Torah Weekly

For the week ending 14 December 2013 / 11 Tevet 5774

Parshat Vayechi

by Rabbi Yaakov Asher Sinclair -
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After 17 years in Egypt, Yaakov senses his days drawing to a close and summons Yosef. He has Yosef swear to bury him in the Machpela Cave, the burial place of Adam and Chava, Avraham and Sarah, Yitzchak and Rivka. Yaakov falls ill and Yosef brings to him his two sons, Ephraim and Menashe. Yaakov elevates Ephraim and Menashe to the status of his own sons, thus giving Yosef a double portion that removes the status of firstborn from Reuven. As Yaakov is blind from old age, Yosef leads his sons close to their grandfather. Yaakov kisses and hugs them. He had not thought to see his son Yosef again, let alone Yosef's children. Yaakov begins to bless them, giving precedence to Ephraim, the younger, but Yosef interrupts him and indicates that Menashe is the elder. Yaakov explains that he intends to bless Ephraim with his strong hand because Yehoshua will descend from him, and Yehoshua will be both the conqueror of Eretz Yisrael and the teacher of Torah to the Jewish People. Yaakov summons the rest of his sons in order to bless them as well. Yaakov's blessing reflects the unique character and ability of each tribe, directing each one in its unique mission in serving G-d. Yaakov passes from this world at age 147. A tremendous procession accompanies his funeral cortege up from Egypt to his resting place in the Cave of Machpela in Chevron. After Yaakov's passing, the brothers are concerned that Yosef will now take revenge on them. Yosef reassures them, even promising to support them and their families. Yosef lives out the rest of his years in Egypt, seeing Efraim's great-grandchildren. Before his death, Yosef foretells to his brothers that G-d will redeem them from Egypt. He makes them swear to bring his bones out of Egypt with them at that time. Yosef passes away at the age of 110 and is embalmed. Thus ends Sefer Bereishet, the first of the five Books of the Torah. Chazak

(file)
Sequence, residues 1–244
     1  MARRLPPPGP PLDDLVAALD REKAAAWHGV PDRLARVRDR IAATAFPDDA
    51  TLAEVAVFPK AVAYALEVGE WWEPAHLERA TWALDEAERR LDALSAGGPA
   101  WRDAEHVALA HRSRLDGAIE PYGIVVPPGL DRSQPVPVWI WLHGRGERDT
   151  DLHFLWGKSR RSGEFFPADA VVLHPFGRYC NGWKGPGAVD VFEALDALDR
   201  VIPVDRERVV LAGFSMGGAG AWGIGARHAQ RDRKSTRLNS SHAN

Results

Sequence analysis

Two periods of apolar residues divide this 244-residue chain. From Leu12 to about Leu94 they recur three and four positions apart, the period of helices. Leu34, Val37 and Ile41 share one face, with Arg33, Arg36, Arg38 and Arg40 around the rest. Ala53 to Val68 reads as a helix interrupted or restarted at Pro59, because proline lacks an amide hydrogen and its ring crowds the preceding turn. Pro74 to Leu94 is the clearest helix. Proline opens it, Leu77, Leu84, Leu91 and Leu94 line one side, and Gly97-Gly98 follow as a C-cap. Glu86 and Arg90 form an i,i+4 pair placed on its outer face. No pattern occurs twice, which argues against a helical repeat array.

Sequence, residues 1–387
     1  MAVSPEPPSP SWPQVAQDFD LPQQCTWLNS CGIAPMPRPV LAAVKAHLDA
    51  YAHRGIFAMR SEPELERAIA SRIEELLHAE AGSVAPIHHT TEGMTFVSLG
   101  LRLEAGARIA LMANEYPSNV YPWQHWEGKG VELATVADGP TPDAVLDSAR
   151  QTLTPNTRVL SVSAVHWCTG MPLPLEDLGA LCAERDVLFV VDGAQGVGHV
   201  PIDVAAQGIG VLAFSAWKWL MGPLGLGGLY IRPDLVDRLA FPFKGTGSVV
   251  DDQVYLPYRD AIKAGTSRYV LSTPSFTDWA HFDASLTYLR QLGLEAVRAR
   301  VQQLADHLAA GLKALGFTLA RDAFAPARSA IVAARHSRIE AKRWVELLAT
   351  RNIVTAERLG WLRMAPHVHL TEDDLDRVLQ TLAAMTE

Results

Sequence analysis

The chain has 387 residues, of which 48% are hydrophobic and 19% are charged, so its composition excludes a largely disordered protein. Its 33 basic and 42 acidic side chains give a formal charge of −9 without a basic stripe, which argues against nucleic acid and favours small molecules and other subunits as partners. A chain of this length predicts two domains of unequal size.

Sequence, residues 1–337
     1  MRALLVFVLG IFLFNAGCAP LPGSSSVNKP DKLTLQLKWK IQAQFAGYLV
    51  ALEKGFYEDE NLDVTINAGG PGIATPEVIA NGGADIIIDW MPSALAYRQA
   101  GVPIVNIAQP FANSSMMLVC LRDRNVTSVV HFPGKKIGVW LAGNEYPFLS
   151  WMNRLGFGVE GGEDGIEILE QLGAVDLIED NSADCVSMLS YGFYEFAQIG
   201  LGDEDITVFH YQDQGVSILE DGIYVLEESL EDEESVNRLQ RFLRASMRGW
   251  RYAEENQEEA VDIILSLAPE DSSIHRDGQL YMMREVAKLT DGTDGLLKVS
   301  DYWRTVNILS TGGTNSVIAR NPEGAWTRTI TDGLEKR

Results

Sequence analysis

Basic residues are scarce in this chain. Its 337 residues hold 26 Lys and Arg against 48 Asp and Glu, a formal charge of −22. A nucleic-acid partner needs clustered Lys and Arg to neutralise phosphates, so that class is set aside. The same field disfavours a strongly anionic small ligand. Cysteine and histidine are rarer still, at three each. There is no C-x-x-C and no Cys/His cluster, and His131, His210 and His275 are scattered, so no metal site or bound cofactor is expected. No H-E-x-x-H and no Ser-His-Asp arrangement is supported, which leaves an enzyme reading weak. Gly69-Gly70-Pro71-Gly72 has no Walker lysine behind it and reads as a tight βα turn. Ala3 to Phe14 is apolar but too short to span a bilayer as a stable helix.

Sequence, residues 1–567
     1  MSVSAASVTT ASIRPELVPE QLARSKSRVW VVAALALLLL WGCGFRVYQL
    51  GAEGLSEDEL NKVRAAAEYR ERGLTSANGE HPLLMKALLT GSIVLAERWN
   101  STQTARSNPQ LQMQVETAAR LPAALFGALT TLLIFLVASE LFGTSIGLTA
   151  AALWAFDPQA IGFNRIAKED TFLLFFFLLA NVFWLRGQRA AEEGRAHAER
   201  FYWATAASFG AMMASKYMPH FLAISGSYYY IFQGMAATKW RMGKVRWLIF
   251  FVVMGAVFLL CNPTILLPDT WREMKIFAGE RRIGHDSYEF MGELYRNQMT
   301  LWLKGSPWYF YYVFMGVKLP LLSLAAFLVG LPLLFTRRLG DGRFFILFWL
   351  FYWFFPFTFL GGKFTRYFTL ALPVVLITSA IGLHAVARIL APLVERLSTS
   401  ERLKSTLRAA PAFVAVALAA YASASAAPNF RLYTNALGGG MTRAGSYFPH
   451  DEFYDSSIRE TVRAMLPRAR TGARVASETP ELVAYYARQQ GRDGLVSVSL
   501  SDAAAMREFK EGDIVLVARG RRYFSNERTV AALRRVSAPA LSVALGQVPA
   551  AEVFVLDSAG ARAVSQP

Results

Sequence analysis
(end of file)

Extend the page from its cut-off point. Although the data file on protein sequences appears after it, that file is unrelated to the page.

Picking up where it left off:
The Scrapbook of Eternity

Reminiscing through an ancient family album, I came across some photos I had completely forgotten about. Moments long-presumed lost smiled up at me from the yellowing pages. Others had not fared so well; abducted from their rightful place in history their memory was preserved by a faded oblong and four browning “photo corners.”

History is so selective. This moment survived; this one didn't.

How many photographs do I possess of my parents as young children? Very few. And even fewer of their parents and siblings. A few smiling faces have survived, and so many other smiles captured for eternity will smile no more. And how many of the myriad dedicated pixels our own life will endure the ruthless editing of time?

And more: when I look back at the photographs of my youth, of my parents' lives in black and white excursions to the Kursaal in Westcliff or Canvey Island, I think the same. How many moments there are that I never saw, of which I will never know, that have vanished!

There are two worlds. The world in which we live each and every moment of our daily lives – and then there are those few moments which will be eternalized as scrapbook memories.

The name of this week’s Torah portion is “Vayechi” which means, “And Yaakov lived.” You might think the title a bit ironic because it is in this week’s portion that Yaakov’s dies. Another thing. Sarah, the mother of the Jewish People passes from this world in the weekly portion entitled “The Life of Sarah.”

The word for life in Hebrew is a plural noun. It’s not by coincidence. There are two lives. The life we live in this world — and the life that we live in the next world.

This world is called in Hebrew Olam Hazeh, and the next world is Olam Habah. Grammatically, the corollary of Olam Hazeh — “This World” — should be Olam HaHoo — “That World.” Why then is the next world called Olam Habah? Habah literally means “that comes.” The World-to-Come is just that – a world that comes as a direct result of what we do in this world. Nothing can exist in the World-to-Come that was not done in this world.

This life is like a factory. A factory has no other purpose than to produce. This life has only one purpose. To produce. To produce the next life. The biggest mistake you can make in this life is to mistake the factory for the product.

The fact that deaths of Yaakov and Sarah are found in Torah portions whose titles mention life teaches us a lesson. It teaches us that the essential life of a righteous person is not in this world but in the World-to-Come, for the righteous take every moment in this world and paste it into the scrapbook of eternity.

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